Grindstone is investing R100 million in South African startups: what you need to know
- A new fund by Grindstone is looking to invest R100 million in tech startup companies that are female-owned.
- But, the startups must have gone through Grindstone's accelerator programme.
- The fund is looking to support between 30 and 50 small businesses already displaying growth potential.
- For more stories, go to www.BusinessInsider.co.za.
Grindstone has launched a new investment fund, Grindstone Ventures, worth R100 million ($5.6 million) to help South African startup businesses in the tech industry.
Grindstone is offering seed funding to small businesses which are already part of, or have completed its Grindstone Accelerator programme, which mainly focuses on growing startups.
The Grindstone Accelerator is a year-long entrepreneurship development programme for South African small- to medium-enterprises (SMEs) that Knife Capital and Thinkroom Consulting jointly own. It reviews their strategies and helps them build a foundation for growth in order for them to become investable, sustainable, and exit-ready.
This is what you need to apply for the Grindstone Accelerator programme:
- Must be a South African based company.
- Must post-revenue with some customer traction.
- Must have a dynamic team.
- Must have an innovative business offering and have a clear competitive differentiator.
- Must have a scalable business model.
- Must have turnover of at least R75,000 ($50k) per annum or scale rapidly.
- Must have at least five resources working in the business, including permanent employees or outsourced consultants or services.
The new fund will focus on post-seed investments and is led by an all-female team; Catherine Young, Andrea Bohmert, Rapelang Rabana, and Grace Legodi. It will mainly invest in other female-led early-stage companies that are innovative and operate in the technology sector, Grindstone said. It will also target small- to medium-enterprises (SMEs) that have a sustainable impact and can create meaningful jobs.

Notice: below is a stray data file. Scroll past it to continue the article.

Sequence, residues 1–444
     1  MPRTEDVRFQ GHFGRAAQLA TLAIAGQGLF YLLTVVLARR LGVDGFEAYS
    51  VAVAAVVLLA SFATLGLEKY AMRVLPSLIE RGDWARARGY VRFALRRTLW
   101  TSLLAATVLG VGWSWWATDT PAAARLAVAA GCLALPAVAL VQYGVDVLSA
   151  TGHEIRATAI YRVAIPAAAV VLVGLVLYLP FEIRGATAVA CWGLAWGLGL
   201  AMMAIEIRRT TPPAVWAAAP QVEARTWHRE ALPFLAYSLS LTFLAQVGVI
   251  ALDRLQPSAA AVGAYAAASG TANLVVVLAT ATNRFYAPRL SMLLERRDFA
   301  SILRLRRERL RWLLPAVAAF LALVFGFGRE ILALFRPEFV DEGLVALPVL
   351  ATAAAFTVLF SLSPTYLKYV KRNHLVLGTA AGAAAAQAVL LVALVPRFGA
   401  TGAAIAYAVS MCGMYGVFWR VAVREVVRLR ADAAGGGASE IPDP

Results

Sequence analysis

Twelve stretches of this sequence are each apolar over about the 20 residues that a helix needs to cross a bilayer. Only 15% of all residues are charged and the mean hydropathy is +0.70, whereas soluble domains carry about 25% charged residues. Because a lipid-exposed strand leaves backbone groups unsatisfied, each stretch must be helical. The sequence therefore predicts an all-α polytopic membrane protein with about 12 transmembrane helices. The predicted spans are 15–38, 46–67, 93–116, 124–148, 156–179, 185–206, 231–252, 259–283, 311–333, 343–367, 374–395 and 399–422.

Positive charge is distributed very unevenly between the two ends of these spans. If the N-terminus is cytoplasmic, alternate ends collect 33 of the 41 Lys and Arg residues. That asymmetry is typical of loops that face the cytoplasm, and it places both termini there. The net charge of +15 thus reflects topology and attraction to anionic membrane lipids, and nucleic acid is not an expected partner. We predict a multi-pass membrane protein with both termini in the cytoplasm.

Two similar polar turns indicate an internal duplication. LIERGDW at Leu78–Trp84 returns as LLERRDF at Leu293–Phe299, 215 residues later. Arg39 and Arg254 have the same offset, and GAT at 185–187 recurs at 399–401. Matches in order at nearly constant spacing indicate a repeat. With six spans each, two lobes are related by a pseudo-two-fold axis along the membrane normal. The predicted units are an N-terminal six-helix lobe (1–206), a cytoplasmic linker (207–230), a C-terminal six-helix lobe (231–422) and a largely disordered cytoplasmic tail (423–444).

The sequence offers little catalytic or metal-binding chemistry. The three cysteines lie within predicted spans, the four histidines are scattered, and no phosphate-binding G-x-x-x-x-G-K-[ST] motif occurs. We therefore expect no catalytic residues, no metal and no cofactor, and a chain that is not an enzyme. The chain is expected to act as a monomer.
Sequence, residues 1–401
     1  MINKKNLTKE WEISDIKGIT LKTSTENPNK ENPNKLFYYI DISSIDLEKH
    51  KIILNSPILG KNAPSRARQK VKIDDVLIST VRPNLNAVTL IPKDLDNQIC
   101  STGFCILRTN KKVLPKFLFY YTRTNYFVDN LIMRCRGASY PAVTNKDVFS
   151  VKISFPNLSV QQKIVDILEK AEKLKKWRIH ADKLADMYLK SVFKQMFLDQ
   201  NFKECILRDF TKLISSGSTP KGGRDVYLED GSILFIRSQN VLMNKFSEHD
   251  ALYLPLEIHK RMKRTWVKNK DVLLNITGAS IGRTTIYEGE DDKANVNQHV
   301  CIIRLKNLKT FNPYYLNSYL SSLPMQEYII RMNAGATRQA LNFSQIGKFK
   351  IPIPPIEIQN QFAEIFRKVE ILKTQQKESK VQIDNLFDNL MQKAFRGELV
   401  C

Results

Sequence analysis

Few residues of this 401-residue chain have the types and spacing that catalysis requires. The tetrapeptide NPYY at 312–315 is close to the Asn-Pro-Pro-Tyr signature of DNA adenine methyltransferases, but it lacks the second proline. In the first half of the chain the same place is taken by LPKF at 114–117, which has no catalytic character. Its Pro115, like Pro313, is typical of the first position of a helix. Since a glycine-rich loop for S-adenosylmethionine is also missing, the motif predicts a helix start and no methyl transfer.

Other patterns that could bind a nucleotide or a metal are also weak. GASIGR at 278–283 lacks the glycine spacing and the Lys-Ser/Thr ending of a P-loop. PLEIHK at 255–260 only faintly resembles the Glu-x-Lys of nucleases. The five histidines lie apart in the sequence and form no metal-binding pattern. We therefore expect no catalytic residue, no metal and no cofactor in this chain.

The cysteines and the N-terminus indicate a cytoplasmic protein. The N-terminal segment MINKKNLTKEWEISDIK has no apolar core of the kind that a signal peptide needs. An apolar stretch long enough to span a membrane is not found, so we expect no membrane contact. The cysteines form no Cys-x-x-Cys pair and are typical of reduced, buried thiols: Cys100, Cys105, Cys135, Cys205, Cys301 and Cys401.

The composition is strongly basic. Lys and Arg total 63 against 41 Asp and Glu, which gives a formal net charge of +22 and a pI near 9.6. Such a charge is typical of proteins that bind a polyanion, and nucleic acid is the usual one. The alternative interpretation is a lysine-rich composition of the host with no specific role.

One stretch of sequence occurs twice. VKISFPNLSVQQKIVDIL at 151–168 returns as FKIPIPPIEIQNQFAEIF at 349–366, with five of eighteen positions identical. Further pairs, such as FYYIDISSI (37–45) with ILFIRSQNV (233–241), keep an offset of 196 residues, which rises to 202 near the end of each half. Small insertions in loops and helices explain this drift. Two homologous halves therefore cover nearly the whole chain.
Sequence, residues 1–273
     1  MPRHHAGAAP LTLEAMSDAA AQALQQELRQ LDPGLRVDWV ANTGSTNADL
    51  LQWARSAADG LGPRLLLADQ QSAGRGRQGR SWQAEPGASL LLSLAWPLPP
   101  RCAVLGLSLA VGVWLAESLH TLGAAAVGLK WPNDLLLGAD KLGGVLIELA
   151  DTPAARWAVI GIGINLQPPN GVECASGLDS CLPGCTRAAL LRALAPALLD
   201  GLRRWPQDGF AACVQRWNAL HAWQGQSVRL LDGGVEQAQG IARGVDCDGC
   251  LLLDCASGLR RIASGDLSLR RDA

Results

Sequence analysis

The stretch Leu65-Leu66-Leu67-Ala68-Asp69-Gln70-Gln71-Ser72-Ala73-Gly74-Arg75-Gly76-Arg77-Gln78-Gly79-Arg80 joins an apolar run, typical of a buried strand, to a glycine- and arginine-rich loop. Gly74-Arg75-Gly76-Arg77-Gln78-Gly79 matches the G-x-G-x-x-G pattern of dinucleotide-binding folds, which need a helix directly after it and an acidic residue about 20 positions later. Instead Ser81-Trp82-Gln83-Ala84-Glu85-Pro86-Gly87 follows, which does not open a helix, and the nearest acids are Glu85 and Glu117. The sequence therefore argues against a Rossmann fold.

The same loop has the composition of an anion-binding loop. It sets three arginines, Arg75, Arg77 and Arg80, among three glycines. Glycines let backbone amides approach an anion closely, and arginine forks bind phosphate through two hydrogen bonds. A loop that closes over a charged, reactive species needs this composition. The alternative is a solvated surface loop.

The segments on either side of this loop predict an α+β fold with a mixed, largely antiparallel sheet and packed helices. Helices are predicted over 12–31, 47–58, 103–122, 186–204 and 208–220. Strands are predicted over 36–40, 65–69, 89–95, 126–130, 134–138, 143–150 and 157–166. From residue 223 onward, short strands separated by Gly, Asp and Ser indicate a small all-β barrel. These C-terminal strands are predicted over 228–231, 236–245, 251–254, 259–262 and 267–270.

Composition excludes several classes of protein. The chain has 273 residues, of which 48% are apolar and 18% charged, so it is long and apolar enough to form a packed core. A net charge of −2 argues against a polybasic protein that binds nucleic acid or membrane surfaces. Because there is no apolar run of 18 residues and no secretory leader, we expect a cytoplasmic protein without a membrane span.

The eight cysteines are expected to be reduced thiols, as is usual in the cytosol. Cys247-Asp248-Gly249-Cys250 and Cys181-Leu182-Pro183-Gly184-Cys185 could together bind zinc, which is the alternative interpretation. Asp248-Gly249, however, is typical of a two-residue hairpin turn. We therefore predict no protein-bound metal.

It's touting between 30 to 50 early-stage companies that have solid intellectual property and can display high growth potential. The companies should also have the ability to raise follow-on funding from credible funders or deliver sustainable cash yields over the long term.
"The fund's launch is in line with president [Cyril] Ramaphosa's vision to position South Africa as a startup nation. In October, Grindstone participated in a deep dive session with the president and the South African startup industry to determine a roadmap for the country's vision of becoming a startup nation.
While the tech ecosystem deal space across Africa has shown exceptional growth over recent years, there is a gap in the market for post-seed funding across the continent, Catherine Young, managing partner at Grindstone Ventures, said. "Our vision is to fill this gap and prepare these businesses for larger funding rounds, exponential growth, and to ultimately exit," said Young.
"Our secret sauce lies in our robust Grindstone Accelerator, which enables innovation-driven tech startups to access knowledge, networks, funding, and markets. Typically an accelerator follows a fund, but Grindstone Ventures is turning this model on its head. Grindstone Ventures was launched as a result of the excellent pipeline of businesses emerging from Grindstone Accelerator, which provide investors with a de-risked opportunity for returns," she said
The Grindstone Ventures fund received its first investment from the SA SME Fund. Its CEO, Ketso Gordhan, said the SA SME supports the Grindstone fund because it will fill a vital gap in the post-seed market.
"As a fund, it is as innovative as the startups that it will fund. The team is deeply experienced, has a proven track record, and we are excited about the opportunity and impact that they will have on this market," Gordhan said.
Grindstone's alumni include radar startup iKubu, which Garmin has acquired, augmented reality animation, and gaming company SeaMonster which recently landed R15 million ($1-million) from FirstRand's Vumela Fund. Others include the online payment gateway company Payfast, financial inclusion business Picasa, and the on-demand grocery delivery service OneCart.
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